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Drug Can Extend Life for Multiple Myeloma Patients


Saturday 4 December 2010 



Adding a second drug to standard chemotherapy treatment can help patients diagnosed with an aggressive type of bone marrow cancer live longer, according to a major study published online in the Lancet today.

Around 4,000 British people are diagnosed each year with multiple myeloma, a cancer that affects a type of white blood cell in the bone marrow called plasma cells. Average survival after diagnosis is just three to five years so new treatments are urgently needed.

Professor Gareth Morgan from The Institute of Cancer Research (ICR) and The Royal Marsden Hospital led a Phase III study of 1960 newly-diagnosed multiple myeloma patients comparing a zoledronic acid treatment called Zometa, developed by Novartis, with another standard approved treatment called clodronic acid. All patients were also given chemotherapy. The trial, known as the Medical Research Council (MRC) Myeloma IX study, ran from May 2003 until November 2007 with funding from the MRC and support from Novartis, Schering Health Care, Chugai, Pharmion, Celgene and Ortho Biotech.


Patients in the zoledronic acid group lived an average of 5.5 months longer than patients in the clodronic acid group (50 months versus 44.5 months). Patients in the test group were 16 per cent less likely than those in the control group to succumb to the disease during the average 3.7 years they took part in the study and subsequent follow-up. Zoledronic acid also reduced by 24 per cent the development of new bone lesions compared to clodronic acid.


“Our study suggests that zoledronic acid has the potential to help newly-diagnosed multiple myeloma patients live longer, and provides strong evidence that it should become part of the new gold standard care,” said Professor Morgan.


Zoledronic acid and clodronic acid are both bisphosphonates, which are already prescribed to cancer patients to reduce bone complications such as fractures, lesions and spinal cord compression. Bisphosphonates work by breaking the cycle of bone destruction and cancer growth that can cause these complications. Both drugs are already approved in the UK for multiple myeloma patients, for whom such complications are common as the cancer cells live inside the bones.


Using statistical analysis, the researchers confirmed previous laboratory findings that zoledronic acid can have an effect on cancer cells independently of these bone complications.


Side-effects for zoledronic acid, which is administered intravenously, are known to be generally mild. In this study the two drugs gave similar side-effects, although patients taking zoledronic acid had a three per cent higher risk of jaw osteonecrosis. More than 3.5 million patients worldwide have already been given zoledronic acid to treat bone complications.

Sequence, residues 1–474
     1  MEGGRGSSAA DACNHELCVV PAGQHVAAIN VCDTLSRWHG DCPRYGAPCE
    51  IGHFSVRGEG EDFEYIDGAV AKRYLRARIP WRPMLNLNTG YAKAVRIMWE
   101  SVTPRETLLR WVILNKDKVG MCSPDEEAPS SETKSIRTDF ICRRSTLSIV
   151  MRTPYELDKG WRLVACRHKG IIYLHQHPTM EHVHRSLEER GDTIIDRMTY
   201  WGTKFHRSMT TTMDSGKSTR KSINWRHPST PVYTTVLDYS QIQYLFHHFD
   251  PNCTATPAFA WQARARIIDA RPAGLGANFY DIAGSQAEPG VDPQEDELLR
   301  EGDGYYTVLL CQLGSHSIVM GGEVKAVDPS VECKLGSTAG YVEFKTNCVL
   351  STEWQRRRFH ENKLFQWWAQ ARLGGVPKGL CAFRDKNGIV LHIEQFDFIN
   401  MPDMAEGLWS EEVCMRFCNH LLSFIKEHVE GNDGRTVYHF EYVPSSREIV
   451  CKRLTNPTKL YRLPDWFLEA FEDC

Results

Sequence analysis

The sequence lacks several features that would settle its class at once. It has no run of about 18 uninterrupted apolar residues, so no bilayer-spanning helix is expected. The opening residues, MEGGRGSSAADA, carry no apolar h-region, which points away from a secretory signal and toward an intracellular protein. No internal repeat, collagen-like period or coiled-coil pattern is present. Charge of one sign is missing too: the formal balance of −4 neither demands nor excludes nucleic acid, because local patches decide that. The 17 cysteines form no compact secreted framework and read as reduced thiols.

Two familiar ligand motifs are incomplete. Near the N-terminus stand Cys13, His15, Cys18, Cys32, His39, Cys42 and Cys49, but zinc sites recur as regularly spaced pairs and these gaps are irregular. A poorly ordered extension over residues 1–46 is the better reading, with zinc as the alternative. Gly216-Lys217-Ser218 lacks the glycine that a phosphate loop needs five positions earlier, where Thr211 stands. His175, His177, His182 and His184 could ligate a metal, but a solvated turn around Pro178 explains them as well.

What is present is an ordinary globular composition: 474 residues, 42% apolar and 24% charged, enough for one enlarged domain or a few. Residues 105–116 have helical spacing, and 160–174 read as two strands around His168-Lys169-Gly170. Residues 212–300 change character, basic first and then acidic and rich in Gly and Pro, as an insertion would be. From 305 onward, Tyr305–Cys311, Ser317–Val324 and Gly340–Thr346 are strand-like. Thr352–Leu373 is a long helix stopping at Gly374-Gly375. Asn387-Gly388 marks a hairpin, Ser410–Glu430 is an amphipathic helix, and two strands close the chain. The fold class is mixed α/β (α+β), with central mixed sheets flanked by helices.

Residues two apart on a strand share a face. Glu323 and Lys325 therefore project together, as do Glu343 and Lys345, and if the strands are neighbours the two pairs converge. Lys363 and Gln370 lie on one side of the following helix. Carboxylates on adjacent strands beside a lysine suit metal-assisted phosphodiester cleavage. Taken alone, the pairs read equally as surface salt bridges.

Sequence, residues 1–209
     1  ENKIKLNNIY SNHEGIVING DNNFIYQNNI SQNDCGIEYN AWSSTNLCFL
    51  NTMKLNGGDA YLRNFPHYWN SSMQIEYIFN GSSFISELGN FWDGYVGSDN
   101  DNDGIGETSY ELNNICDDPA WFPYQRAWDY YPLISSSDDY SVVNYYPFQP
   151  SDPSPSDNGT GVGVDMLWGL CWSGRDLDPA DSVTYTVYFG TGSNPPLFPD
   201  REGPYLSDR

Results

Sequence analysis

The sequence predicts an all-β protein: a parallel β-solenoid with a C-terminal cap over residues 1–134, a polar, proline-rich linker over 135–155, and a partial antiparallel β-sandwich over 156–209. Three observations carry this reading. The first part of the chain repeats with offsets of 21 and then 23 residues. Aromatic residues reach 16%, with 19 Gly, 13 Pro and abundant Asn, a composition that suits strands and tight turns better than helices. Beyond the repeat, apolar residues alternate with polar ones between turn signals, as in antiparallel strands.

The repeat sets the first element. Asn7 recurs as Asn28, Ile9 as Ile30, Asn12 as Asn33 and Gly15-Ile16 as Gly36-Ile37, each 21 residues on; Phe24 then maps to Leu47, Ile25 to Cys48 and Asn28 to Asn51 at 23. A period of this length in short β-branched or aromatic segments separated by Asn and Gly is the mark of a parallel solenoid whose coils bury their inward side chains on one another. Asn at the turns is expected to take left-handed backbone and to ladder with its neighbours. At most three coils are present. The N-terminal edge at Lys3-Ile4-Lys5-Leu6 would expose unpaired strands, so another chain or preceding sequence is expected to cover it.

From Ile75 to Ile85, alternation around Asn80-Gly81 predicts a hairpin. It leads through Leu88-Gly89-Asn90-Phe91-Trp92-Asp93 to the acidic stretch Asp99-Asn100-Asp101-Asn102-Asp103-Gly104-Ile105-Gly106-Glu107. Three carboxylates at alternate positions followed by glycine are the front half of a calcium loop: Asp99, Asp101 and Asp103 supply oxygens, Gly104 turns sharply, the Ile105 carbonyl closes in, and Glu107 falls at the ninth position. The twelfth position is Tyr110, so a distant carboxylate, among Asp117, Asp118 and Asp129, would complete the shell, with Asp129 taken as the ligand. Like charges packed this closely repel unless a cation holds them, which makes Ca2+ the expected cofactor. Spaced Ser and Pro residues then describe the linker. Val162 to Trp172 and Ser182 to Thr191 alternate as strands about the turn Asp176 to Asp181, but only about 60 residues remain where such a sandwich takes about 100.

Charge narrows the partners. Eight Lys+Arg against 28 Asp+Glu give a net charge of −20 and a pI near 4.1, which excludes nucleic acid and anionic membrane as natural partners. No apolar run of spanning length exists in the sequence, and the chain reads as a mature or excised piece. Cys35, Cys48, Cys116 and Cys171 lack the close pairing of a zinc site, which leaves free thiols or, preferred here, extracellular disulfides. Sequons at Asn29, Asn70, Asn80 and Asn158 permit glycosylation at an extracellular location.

Media Contact:  ICR Science Press Officer Jane Bunce on 0207 153 5106 or after hours 077217 47900

Notes to editors:

The Institute of Cancer Research (ICR)

  • The ICR is Europe’s leading cancer research centre
  • The ICR has been ranked the UK’s top academic research centre, based on the results of the Higher Education Funding Council’s Research Assessment Exercise
  • The ICR works closely with partner The Royal Marsden NHS Foundation Trust to ensure patients immediately benefit from new research. Together the two organisations form the largest comprehensive cancer centre in Europe
  • The ICR has charitable status and relies on voluntary income, spending 90 pence in every pound of total income directly on research
  • As a college of the University of London, the ICR also provides postgraduate higher education of international distinction
  • Over its 100-year history, the ICR’s achievements include identifying the potential link between smoking and lung cancer which was subsequently confirmed, discovering that DNA damage is the basic cause of cancer and isolating more cancer-related genes than any other organisation in the world

For more information visit


The Royal Marsden was the first hospital in the world dedicated to cancer treatment and research into the causes of cancer. Today, as The Royal Marsden NHS Foundation Trust, together with its academic partner The Institute of Cancer Research, form the largest comprehensive cancer centre in Europe with over 40,000 patients from the UK and abroad seen each year. It is a centre of excellence, and the only NHS Trust to achieve the highest possible ranking in the Healthcare Commission’s Annual Health Check for the fourth year in a row.

For further information please contact Naomi Owen on 0207 808 2107

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